Freshman year, your first taste of actual independence and adulthood, while also being treated like a second-class citizen just because you’re a freshman. Spending hours at College Library and crying to your parents when you get the chance and the occasional mental breakdown, it’s finally over!
I’m not going to lie, first semester was a total breeze compared to Spring semester. I somehow managed to work a job and a half while taking 14 credits and maintaining a social life, but as soon as the new year hit me, I knew I was done for. Overall, freshman year was full of adventures, lessons, and learning more about life than I could ever learn in a class.
Expectations for college students are already high enough without having to worry about adding extra things on the plate. You’re practicing actual adult stuff and managing full course loads while being expected to be active in organizations and clubs.
Realizing I was coming into college as an out-of-pocket/in-state student was the first indicator that shit was about to get real, real quick. It meant no matter how many scholarships I applied for, I still didn’t have enough to focus on school without working. Believe me, I know I’m not the first college student to have to work, but working and trying to maintain a decent grade point average was the ultimate struggle. By the grace of God and assistance editing my essays, I managed to come out of first semester with a 4.0 GPA; little did I know Spring semester was about to change the whole game.
First thing I realized is that lectures are VITAL. Even if you think you can breeze by simply by reading the content, unless it comes naturally to you, you cannot. Being in your professor or TA’s face is more helpful than if you are not, but you are better off finding support groups with other students who can help you understand content because not all professors adapt to different learning styles. Spending hours cramming can be a good time to get loads of work done, but to study, it is not a good idea nor is it good for your health.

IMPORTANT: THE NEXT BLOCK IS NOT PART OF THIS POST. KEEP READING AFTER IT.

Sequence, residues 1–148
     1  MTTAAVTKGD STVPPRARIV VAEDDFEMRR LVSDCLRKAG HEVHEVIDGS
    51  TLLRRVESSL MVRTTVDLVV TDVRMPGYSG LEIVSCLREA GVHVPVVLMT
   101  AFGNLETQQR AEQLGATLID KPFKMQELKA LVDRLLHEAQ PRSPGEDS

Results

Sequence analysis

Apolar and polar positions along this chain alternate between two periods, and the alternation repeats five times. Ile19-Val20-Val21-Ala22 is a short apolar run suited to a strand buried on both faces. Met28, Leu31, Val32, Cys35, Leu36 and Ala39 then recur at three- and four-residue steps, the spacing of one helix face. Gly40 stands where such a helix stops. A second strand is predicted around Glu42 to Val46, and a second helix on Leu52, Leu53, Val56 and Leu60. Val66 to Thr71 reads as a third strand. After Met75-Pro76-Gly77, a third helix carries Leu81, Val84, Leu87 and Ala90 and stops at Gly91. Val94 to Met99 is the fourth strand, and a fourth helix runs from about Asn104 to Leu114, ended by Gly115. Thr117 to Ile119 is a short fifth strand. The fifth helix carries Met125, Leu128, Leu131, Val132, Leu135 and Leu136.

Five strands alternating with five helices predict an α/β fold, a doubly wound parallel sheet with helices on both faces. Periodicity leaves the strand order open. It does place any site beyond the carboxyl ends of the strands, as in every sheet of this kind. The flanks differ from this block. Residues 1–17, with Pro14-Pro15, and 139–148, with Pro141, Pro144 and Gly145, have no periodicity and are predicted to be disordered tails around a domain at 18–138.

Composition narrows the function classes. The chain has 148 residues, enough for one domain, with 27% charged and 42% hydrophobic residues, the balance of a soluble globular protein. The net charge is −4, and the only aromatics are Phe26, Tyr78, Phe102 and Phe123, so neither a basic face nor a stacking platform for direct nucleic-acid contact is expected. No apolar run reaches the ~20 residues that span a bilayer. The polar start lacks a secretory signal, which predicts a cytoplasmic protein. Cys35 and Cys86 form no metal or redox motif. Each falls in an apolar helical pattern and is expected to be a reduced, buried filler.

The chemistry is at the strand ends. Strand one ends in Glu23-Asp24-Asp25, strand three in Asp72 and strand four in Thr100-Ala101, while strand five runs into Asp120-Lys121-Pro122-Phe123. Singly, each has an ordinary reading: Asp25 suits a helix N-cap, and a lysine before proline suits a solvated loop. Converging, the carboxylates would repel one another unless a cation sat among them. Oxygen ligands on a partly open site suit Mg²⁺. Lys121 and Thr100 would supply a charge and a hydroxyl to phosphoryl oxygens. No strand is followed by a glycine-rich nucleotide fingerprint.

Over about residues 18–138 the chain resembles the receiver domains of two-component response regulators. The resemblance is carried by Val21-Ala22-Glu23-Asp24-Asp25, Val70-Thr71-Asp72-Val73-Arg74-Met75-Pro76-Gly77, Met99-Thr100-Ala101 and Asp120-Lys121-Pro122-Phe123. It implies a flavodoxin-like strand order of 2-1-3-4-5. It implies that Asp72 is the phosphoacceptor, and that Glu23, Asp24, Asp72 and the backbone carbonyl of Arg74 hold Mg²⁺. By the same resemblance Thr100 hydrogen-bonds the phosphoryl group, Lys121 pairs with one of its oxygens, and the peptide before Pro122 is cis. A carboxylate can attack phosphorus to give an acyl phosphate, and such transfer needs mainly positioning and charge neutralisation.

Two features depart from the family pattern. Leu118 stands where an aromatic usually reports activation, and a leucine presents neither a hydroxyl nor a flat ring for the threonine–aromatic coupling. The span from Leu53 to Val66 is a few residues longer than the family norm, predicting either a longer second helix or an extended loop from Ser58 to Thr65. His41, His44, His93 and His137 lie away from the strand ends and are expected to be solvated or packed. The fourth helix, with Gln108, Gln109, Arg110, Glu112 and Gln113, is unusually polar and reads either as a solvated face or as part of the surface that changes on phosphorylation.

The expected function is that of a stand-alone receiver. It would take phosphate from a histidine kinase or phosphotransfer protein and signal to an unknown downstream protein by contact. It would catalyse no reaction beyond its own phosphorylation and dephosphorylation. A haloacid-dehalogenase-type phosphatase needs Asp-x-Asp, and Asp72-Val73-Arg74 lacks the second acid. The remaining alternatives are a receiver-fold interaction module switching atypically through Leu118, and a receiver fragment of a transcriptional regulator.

While we’re on the subject of health, the Freshman Fifteen? I’ve never met her. At UW-Madison, it actually doesn’t exist, and I learned it very early on. Between hiking up hills, walking 15 minutes daily to class, and expensive dining hall food, you’re more likely to catch the Negative Freshman Fifteen. It is just as important to eat actual food every now and then, even if it’s a granola bar or something. That five dollar cup of coffee may be doing something in the moment, but it’s really not doing anything beneficial for your body. Without food your body doesn’t have energy, which affects how your brain does work, and the last thing you want to do is affect your brain.
Everybody says Spring semester is worse than the first, and to be honest it was. As a first-year, you don’t have the guidance you had at orientation, it is purely up to you and your advisor to make the best schedule for your desired plan. It is your first taste of doing what you need to do to get your degree and hop out the jam, but without guidance, you can truly be lost. Something I wish I had known more about was the General Requirements and how they can be manipulated to fit your needs as a student. I recommend checking DARs reports every now and again to make sure you’re on track with your major and classes that you’re taking. There is nothing wrong with taking an extra semester or year, but most people recommend doing what you can while you can.
In addition to doing what you can while you can, you have to know your limit. Sometimes, you can actually be doing too much stuff. If you feel yourself stressing out all the time, you probably have too much on your plate. School is supposed to be the primary focus, but your mental health is more important so you want to make sure anything extra on your plate isn’t going to get in the way of your studies. Make sure you find time to practice self-love and good health in between life and enjoy life while you can.
Have a great summer and stay Black and Beautiful!